FRANKIE DAVIDSON
Gimme Dat Ding
(Albert Hammond - Mike Hazlewood)
Australia 1970
#18 Melbourne #7 Brisbane #3 Adelaide #12 Perth

Single on Fable label.

Comic singer-songwriter, entertainer and actor best known for his 1962 hit Have You Ever Been To See King's Cross?

Further reading: The official site at FrankieDavidson.com
See also: Hector The Trash Collector

 

Buy At Sanity.com.au

MAPLE LACE
Gimme Dat Ding
(Albert Hammond - Mike Hazlewood)
Australia 1970
#6 Sydney

Co-charted in Sydney with the original version by The Pipkins.

Single on Caesar's International, a label that was run briefly by Caesar's discotheque in Sydney.

Maple Lace was not the same band as Caesar's residents The R.J. Taylor Band (as some have speculated), but a busy live band in its own right at major Sydney venues, including regular gigs backing Johnny Farnham.

Co-produced by John Francis: see John J. Francis - Play Mumma, Sing Me A Song

Reference: Caesar's International label history and discography at Milesago.

Thanks to John Newth, Maple Leaf's drummer, for clarification.

THE PIPKINS
Gimme Dat Ding
(Albert Hammond - Mike Hazlewood)
UK 1970
Original version
#6 UK #9 USA #6 Sydney #1 NZ

Co-charted in Sydney with Australian version by Maple Lace.

The Pipkins were British duo, Tony Burrows and Roger Greenaway, originally known as One & One from 1964. Until then, they had both been in The Kestrels, a band formed in 1956 and known previously as The Hi Fi's and Belltones before becoming The Kestrels in 1958. Roger Cook, Greenaway's long-time collaborator, was also a Kestrel for a time.

Tony Burrows was one of the most recorded session singers in Britain during the late 60s and early 70s, and in 1970 he had four hits under four different band names. His credits as lead singer include Let's Go To San Francisco by The Flowerpot Men (1967), Love Grows (Where My Rosemary Goes) by Edison Lighthouse (1970), My Baby Loves Lovin' by White Plains (1970), United We Stand by Brotherhood of Man (1970) and Beach Baby by First Class (1974). He recorded the original version of Melanie Makes Me Smile, covered in Australia by The Strangers.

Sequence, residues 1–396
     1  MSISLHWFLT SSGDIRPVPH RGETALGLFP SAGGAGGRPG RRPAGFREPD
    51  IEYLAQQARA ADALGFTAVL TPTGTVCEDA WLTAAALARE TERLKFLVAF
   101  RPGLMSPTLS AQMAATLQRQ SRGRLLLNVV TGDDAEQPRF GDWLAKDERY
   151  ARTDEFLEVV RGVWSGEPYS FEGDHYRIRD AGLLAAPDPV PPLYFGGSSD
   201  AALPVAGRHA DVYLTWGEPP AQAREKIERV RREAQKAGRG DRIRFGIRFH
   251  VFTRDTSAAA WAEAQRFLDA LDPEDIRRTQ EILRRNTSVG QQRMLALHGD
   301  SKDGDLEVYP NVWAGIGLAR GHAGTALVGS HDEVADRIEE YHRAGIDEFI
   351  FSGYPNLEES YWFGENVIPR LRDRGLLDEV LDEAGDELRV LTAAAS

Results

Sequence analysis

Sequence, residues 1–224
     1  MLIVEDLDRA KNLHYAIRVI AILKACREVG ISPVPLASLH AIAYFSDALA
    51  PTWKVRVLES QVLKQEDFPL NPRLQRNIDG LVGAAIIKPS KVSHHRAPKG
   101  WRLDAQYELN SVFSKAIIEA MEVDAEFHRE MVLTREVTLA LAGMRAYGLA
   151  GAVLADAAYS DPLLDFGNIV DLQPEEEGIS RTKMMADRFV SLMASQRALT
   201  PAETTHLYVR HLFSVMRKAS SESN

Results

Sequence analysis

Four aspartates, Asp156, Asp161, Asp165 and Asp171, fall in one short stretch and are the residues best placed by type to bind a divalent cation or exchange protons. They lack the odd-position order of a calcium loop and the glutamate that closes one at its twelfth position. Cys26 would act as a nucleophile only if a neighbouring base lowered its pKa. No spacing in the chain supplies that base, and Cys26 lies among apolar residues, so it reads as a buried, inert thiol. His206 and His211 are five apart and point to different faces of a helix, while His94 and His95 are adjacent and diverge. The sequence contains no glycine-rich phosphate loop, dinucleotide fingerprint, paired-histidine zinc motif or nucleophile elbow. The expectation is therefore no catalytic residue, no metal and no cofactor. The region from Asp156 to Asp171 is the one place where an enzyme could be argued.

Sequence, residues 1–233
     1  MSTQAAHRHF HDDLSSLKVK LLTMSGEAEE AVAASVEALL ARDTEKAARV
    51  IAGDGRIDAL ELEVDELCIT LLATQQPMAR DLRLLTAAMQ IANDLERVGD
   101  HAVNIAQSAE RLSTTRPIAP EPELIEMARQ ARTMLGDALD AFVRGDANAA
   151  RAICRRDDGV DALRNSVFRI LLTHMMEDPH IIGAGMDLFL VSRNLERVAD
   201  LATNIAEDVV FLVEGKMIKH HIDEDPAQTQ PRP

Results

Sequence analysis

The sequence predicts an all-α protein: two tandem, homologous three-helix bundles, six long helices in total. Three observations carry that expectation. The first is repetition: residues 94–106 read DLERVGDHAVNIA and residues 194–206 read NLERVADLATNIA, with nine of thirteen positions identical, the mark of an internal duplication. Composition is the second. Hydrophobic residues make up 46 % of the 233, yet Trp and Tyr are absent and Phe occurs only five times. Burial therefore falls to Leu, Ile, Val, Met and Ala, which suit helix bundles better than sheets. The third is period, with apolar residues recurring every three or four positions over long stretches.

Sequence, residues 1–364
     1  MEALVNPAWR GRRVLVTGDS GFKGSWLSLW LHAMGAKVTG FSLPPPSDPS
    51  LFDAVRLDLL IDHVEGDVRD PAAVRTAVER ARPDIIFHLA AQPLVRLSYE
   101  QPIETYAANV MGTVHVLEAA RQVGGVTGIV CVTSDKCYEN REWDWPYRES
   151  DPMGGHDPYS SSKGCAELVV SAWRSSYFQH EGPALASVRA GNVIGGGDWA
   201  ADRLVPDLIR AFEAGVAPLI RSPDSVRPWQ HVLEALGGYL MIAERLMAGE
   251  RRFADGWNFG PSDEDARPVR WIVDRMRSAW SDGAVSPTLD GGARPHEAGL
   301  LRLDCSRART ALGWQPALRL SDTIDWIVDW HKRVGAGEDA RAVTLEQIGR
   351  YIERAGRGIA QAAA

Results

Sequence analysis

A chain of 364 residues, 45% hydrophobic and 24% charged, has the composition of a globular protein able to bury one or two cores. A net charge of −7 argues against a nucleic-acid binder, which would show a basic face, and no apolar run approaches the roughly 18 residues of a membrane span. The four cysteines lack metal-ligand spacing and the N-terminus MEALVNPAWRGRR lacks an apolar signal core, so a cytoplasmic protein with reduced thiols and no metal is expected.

Tony Burrows also sang on early albums by Elton John and did session work with Cliff Richards in the 70s.

Further reading on Tony Burrows: Alwyn J. Turner's Tony Burrows page at Glitter Suits & Platform Boots. Interview with Tony Burrows at Pop Entertainment.com. Hiroshi Asada's comprehensive Voice of Tony Burrows website includes a family tree that shows the personnel of the numerous bands that Burrows has been involved with.

Roger Greenaway is perhaps best known for his collaboration with Roger Cook, with whom he wrote numerous hit songs, beginning with The Fortunes' You've Got Your Troubles (1965). The Australian hit Everything Is Out Of Season by Johnny Farnham is a Greenaway-Cook composition.

Further reading on Greenaway & Cook: See Hiroshi Asada's Cook & Greenaway Song List for the extent of their output. Cook's official site at RogerCook.com. The Everything Is Out Of Season page at this site has a brief outline of their career.

Albert Hammond and Mike Hazlewood, writers of Gimme Dat Ding, also wrote Leapy Lee's Little Arrows (1968), The Hollies' The Air That I Breathe (1974), and the unclassifiable I'm A Train  by Colours of Love (1968), also a charting release by Albert Hammond in 1974 (Look at me I'm a train on a track, I'm a train, I'm a train, I'm a chucka-train, yeah... Been a hard day, Yes it has been a hard day...)

Albert Hammond had several successful records of his own in the early 70s: Down By The River (1972), It Never Rains In Southern California (1972) and The Free Electric Band (1973). An obscure composition of his, not always listed in his discographies, is That's A Hoe Down, a minor hit in Australia by Lynne Randell (1967).

Further reading on Albert Hammond & Mike Hazelwood: 1. AlertHammond.net. 2. Albert Hammond at All Music Guide. 3. Mike Hazelwood at Wikipedia (short entry)

Thanks to Fred Clemens for clarification.

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